As Lulu returned from her walk and mini-picnic, she started was observing what was happening around the chicken processing tables. I asked her to put some of the chicken feet in a bin where they were collected. She was happy to help. She showed her father which cooler to put the chicken into when he was ready to do so with his chicken. We did not return Lulu to watching the process again, the actual slaughter – watching it once done by the organizers of this small class seemed more than enough. But we involved her, minimally, in the processing — just as she likes to help in the kitchen with small cooking tasks, she enjoyed assisting in the process here.

We had lunch at the farm – chicken tacos. Then we picked some greens, some tomatoes, some peppers, and a watermelon and went home. That afternoon, on a playdate, she told her 3 year old buddy that she can’t stay for dinner because we were cooking our chicken.

So why did I take Lulu to the chicken slaughter? Because I want her to respect her food, to understand where it comes from, to be aware that of animal life and its cycle.

Is age 4 appropriate for this lesson? In the right context, I say yes. What do you think?

 

SHARE:

Related posts:

  1. The Soup Club, Chicken Minestrone

About French Press Memos

Andra Zeppelin is a writer and the author of this blog - French Press Memos. A Romanian native, Andra has spent the last decade in Denver, Colorado. She has a three year old girl, a husband, a law degree, and a lot of opinions - most of them on food. She salsa dances by night, devours books, speaks five languages, and skies the bunny slopes. An expert diner and committed cook, Andra scours the city incessantly for the best restaurants, the best specialty food shops, and the most outrageous street food. She lives with her family and a Persian cat in a swanky residence at Taxi in RiNo.
This entry was posted in Buzz, Family Meal, FrenchPressMemos, Uncategorized and tagged . Bookmark the permalink.
Print this Post
  • Michelle Kindel

    I think you know your child best and you made your decision based on what you know about her. Perhaps not all 4yr olds would be “up” for this kind of experience. It sure sounds like Lulu has a good mom and dad! What a lucky little girl to be exposed to the idea of respecting and understanding where food comes from…that will serve her well in years to come.
    Michelle Kindel (Shanelle’s mom)

    • http://www.frenchpressmemos.com French Press Memos

      You are right Michelle- probably not appropriate for all 4 year olds. We were very happy with our decision and now, a week later, feel even more like we did the right thing.

    • FrenchPressMemo

      You are right — it may not be for everyone. She loved the experience and now, a week later, we are even happier with our decision to take her along. 

  • Rob T

    Good for you and good for your daughter.  Seventy years ago she would likely have been doing much more to assist in readying food for the table.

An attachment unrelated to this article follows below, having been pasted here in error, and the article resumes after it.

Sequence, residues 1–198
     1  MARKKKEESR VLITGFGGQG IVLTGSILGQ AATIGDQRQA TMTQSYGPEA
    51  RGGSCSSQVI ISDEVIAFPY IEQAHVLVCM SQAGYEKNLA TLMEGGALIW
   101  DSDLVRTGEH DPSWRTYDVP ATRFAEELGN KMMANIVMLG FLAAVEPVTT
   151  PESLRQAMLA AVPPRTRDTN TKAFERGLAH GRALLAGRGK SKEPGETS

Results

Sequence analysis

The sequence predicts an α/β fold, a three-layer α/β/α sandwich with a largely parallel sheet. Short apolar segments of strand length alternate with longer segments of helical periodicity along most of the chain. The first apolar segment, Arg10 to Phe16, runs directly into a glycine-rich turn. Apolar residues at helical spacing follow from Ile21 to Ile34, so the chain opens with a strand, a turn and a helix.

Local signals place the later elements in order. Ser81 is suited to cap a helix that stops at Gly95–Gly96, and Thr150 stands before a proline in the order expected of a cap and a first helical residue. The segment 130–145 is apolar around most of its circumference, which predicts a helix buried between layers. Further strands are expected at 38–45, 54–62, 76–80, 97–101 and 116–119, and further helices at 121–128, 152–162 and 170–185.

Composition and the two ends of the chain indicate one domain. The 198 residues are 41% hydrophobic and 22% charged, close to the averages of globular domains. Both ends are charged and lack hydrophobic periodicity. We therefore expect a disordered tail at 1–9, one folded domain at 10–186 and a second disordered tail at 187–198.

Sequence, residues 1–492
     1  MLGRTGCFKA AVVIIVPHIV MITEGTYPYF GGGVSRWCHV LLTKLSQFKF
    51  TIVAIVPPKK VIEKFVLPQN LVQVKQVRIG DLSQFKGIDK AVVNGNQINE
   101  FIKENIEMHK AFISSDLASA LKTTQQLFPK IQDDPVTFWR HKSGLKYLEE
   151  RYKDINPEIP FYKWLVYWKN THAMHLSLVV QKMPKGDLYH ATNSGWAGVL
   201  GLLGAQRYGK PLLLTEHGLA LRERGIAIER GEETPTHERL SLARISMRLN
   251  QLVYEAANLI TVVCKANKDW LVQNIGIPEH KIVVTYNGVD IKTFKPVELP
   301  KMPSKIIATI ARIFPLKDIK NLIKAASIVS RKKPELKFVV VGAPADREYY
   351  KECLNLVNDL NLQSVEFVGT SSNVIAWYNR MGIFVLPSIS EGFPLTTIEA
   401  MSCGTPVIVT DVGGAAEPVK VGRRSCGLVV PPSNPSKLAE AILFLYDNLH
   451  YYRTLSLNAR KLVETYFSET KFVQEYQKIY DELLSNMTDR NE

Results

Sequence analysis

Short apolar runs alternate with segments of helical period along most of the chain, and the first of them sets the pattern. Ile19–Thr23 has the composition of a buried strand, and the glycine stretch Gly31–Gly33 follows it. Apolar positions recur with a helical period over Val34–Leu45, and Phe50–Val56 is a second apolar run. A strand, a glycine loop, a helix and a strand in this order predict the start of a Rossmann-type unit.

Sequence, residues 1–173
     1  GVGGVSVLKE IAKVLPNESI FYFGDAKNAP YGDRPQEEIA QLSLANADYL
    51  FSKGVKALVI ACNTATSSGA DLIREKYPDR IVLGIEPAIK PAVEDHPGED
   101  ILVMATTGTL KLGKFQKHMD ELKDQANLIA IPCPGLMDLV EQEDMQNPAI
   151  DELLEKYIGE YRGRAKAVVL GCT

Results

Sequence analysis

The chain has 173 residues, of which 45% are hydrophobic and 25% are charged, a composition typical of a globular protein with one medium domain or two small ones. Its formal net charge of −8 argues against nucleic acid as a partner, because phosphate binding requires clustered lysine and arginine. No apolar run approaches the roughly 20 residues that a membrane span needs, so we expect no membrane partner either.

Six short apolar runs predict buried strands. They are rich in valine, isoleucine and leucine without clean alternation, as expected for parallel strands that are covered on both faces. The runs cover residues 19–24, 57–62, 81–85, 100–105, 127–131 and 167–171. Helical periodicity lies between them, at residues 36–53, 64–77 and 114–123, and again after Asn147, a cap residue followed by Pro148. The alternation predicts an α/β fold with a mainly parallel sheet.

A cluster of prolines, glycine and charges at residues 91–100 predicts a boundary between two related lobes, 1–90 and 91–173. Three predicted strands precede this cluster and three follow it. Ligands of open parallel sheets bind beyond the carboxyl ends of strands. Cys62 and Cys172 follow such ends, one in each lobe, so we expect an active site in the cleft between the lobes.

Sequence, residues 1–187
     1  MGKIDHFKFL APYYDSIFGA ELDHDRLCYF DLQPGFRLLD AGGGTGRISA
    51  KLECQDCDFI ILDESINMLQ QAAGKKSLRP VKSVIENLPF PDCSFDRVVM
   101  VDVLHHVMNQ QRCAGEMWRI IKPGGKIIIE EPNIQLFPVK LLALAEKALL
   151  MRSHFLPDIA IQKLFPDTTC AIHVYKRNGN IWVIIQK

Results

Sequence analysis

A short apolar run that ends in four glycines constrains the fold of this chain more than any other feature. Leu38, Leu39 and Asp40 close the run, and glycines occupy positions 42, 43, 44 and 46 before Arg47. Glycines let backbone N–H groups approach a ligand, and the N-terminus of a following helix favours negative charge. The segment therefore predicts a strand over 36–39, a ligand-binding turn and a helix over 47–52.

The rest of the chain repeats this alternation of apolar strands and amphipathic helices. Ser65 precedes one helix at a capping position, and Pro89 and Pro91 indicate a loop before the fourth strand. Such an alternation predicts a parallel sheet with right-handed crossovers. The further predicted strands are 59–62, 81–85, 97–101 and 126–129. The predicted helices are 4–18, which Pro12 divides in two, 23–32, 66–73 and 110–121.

A child should learn sometime about the relationship between those “cute” farm animals and food. I grew up on a farm and though “suburbanized,” I always explained to my 3 kids where the food actually comes from and made no bones about the processes involved.

    • http://www.frenchpressmemos.com French Press Memos

      Rob- close relatives of a good friend have kids, same age group, who actually pluck and clean the birds on their farm. It is normal. We were glad to be able to connect our city kid who lives in a condo to that process without having to lie or sugarcoat what actually goes on.

    • FrenchPressMemo

      There are certainly kids out there in the world who still help with animal processing. I was happy to be able to offer my urban city mouse of a kid the chance to understand both where her food comes from and what the cycle of life entails. 

  • http://twitter.com/Krisbb Kris Browning-Blas

    Andra, this is a compelling read — neither ghoulish nor sugar-coated. I think parents set the tone and kids can sense whether they should be freaked out or not. Sounds like Lulu took her cues from you.

    • FrenchPressMemo

      Thank you Kris. Children do seem to sense insecurity and fear and mimic it immediately. We didn’t have those feelings going in — maybe we should have had them, maybe other parents would have had them. We were truly confident that this would be exactly the positive experience that it turned out to be. 

  • http://www.quarterlifecrisiscuisine.com/ Bee

    Awesome, I really wish more kids were able to have this experience! It is so important to know where your food comes from.

  • emily power

    what a cool experience for your family. i applaud you for teaching your daughter such great lessons about food and life.

    our daughter is growing up with chickens and goats in her backyard but is still too young to know much about them, besides that they’re fun to pet and chase and feed. your post is further inspiration for me to remember to teach her, daily, about where we get our blessings and bounty from. and to be thankful for them.

  • emily power

    not familiar with this comment format so here’s my handle: http://www.adenverhomecompanion.com

  • Pingback: » the (last two) week’s end & elsewhere A DENVER HOME COMPANION

  • http://www.thetomatotart.com Sabrina- The Tomato Tart

    Andra,

    I love this piece. Thank you so much for sharing it- moving and beautiful and true. Just thank you.

  • Laura

    This was a great read. I’m glad to have accidently stumbled across it. Being a family of hunters we’ve raised our 3 & 5 year old boys around it. They’ve never really asked questions it’s just routine to say if you want meat this is how you get it. I’m glad you involved your daughter it will be something she can take with her as years go on. :)